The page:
Ridesharing has grown explosively in the last several years, and both Uber and Lyft are now multibillion-dollar companies. With so many people grabbing rides on their phone, collisions are inevitable. Unfortunately, the question of compensation is an emerging area of law and can depend on several factors. What happens when you’re injured by a Lyft or Uber driver?
What’s Fare Is Fair
One of the key factors in determining insurance liability is whether the ridesharing driver was on the job at the time. If you were a fare-paying passenger in the car and sustained an injury because of the driver’s negligence, you’re theoretically eligible for coverage by the company -- both Lyft and Uber have $1 million in primary coverage for these instances.
Of course, keep in mind that ridesharing companies are notoriously aggressive when it comes to insurance claims. Any adjuster that you speak with from Lyft or Uber will do their best to undermine your story and minimize your injuries, since that protects their bottom line. Before speaking with any insurance representatives, it’s imperative that you consult an attorney who understands the nuances of this process.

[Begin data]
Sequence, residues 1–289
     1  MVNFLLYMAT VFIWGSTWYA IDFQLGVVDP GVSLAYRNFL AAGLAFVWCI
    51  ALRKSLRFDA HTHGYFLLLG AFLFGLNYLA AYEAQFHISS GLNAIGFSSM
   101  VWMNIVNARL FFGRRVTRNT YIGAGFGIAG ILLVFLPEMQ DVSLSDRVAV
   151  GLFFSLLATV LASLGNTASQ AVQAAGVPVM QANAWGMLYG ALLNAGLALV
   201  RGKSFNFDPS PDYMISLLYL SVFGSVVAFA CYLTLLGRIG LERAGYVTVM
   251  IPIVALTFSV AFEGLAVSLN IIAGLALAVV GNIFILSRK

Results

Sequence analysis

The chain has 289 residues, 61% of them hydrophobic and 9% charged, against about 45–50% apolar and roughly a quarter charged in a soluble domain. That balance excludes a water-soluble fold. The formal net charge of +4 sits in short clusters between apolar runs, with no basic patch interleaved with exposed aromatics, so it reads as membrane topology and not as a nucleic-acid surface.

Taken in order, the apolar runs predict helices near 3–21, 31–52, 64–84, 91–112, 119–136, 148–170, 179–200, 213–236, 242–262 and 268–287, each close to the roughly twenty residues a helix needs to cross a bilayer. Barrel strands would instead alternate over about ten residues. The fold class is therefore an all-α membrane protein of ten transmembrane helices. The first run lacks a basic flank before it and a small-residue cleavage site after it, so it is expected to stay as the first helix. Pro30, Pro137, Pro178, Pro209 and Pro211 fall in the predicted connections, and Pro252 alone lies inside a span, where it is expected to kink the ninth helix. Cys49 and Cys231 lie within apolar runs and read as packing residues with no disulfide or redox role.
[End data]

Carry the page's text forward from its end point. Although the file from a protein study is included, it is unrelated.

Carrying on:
The legal situation is significantly murkier if you’re injured by a ridesharing driver while you’re not one of their paying customers. Maybe an Uber driver ran a red light and hit your car. Maybe they weren’t looking and collided with you in a crosswalk. The possibilities are endless.
Unfortunately, the insurance scenarios are almost endless, too. Because Uber and Lyft classify their drivers as contractors, not employees, the availability of corporate liability coverage varies quite a bit. Specifically, the companies will look at whether the driver was transporting another fare-paying customer, whether they were on their way to pick up a passenger, or whether they were between fares. Not surprisingly, the companies will often argue that their driver was subject to the lowest level of coverage they provide, even when that might not be the case. An attorney can help you ensure that this determination is fair.
In Minnesota, it’s sometimes possible to receive injury reimbursement from a ridesharing driver’s personal insurance. However, this is often complicated by the fact that the driver was engaged in commercial activity, which personal policies tend not to cover. Again, a staunch legal advocate can get you the compensation you deserve in the face of these barriers.
The most important thing is that you take care of yourself. If you’re injured, get the treatment you need. Document everything. Take pictures. Talk to witnesses. And, as soon as you can, talk a lawyer that can help you. Ridesharing settlements are available, but corporate profit motives will try to make them as small as possible. Don’t let that happen.